Debasmita Banerjee
Debasmita Banerjee
Instrumentation
03 Mar 2017

NASA Unveils Software Catalog, Free Of Cost Technical Software To Public - Know Everything You Need

NASA, being kind enough to share and care, has recently unveiled a series of software, all used for technical purposes to the public for free of cost, waiving any royalty or copyright fees associated with them. All of the available products are also listed in a 2017-2018 software catalog that is a now accessible in both hard copy and soft copy format. Owing to the Technology Transfer Program, that brings down the top-notch technology to the laymen, has published its third publication of software products including categories ranging from the data processing/storage, business systems, operations, propulsion and aeronautics.


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Equipped with some new software that has been published for the first time, the whole list is assisted with descriptions that explain what the software is capable of. Steve Jurczyk, associate administrator for NASA’s Space Technology Mission Directorate (STMD) in Washington implied that these tools can help entrepreneurs, small business groups, and researchers to delve into the NASA environment and suck in a deeper understanding of the technologies used by NASA that in turn has the potential to generate tangible benefits and support the academia.

The first comprehensive listing of software by NASA was released in 2014, winning the crown of first federal govt. agency to officially reveal the custom codes for public use. Following its consistency, NASA has always supported students, industry, individuals and other government agencies with its own software, patent portfolio, spinoff facility and many more networking and awareness programs. According to Dan Lockney, NASA’s Technology Transfer program executive, the 30% innovation in NASA lies in developing software. With this integral property, NASA has advanced distinctively and made histories in scientific discoveries and space missions. Excited enough, he concluded that NASA would wait to see how these products will be used in different sectors, benefitting the society.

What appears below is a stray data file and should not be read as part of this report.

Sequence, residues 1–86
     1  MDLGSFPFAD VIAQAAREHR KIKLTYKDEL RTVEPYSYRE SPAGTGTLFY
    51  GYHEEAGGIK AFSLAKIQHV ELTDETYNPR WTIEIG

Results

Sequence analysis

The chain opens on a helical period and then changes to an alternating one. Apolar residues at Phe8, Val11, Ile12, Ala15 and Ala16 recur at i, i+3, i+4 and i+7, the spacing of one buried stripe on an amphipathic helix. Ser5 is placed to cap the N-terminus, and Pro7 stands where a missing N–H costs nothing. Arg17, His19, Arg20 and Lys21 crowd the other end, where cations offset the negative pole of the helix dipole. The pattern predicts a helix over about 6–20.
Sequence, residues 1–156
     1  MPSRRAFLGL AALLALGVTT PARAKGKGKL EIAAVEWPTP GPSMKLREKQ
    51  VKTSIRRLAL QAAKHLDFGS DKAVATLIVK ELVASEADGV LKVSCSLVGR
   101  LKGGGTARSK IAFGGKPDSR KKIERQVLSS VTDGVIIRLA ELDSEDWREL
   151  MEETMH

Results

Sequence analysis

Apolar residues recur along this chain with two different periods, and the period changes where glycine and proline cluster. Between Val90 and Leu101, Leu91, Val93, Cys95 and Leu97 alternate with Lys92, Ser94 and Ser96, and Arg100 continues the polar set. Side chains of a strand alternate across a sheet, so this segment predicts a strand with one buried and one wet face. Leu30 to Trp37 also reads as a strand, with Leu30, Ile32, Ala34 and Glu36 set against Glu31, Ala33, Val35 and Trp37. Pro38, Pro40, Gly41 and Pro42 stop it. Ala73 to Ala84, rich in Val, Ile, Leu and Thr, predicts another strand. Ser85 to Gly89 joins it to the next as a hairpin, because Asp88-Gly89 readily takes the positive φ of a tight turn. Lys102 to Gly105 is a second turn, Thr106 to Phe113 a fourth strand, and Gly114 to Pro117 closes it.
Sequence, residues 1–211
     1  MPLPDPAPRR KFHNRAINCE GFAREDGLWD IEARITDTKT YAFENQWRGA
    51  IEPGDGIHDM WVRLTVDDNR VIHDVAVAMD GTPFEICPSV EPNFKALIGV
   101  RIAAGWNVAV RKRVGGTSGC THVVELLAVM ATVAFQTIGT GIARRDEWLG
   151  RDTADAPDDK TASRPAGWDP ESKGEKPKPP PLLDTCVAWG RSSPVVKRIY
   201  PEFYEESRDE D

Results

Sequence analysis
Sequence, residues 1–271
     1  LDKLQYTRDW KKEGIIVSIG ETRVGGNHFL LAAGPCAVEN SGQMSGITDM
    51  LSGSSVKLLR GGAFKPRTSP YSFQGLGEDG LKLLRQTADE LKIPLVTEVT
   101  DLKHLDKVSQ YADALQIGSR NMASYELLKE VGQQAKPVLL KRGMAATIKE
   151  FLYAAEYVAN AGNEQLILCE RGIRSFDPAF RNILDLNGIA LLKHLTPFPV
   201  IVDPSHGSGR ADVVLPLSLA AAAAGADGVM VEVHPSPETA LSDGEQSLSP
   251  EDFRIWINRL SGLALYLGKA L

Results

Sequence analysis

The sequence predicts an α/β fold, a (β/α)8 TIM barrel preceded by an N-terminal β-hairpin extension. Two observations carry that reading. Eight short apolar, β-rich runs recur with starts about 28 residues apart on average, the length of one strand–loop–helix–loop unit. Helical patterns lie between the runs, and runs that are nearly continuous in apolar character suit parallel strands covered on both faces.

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As revealed in the same press release, while some of the codes are access restricted, many include codes to drive advanced aircraft models. The third edition also broadens the scope with newer updates to the old software. Further, all the software are available to the US users while some are offered to foreign users. Over the years, the institution has enforced automated release methods, so that the software gets published for the public without any hassle.

In the Technology Transfer Program site managed by the STMD, there are total 15 categories to browse from. These categories include (in detail) business system and project management, system testing, operations, design and integration tools, vehicle management, data servers and processing handling, propulsion, structure and mechanisms, crew and life support, data and image processing, materials and processes, electronics and electrical power, environmental science, autonomous systems, and aeronautics. The catalog is featured with a welcome note from the Technology Transfer Program Executive, includes the "Top 20" software codes your machine should run with the Schedule Test and Assessment Tool (STAT), Version 5.0 on the top, software request details and a few of NASA's programs.

If you happen to run any version of the NASA's old software models or already put your hands on these newbies, please care to share your experience and how you made your product with its help.

Source: NASA | NASA software catalog

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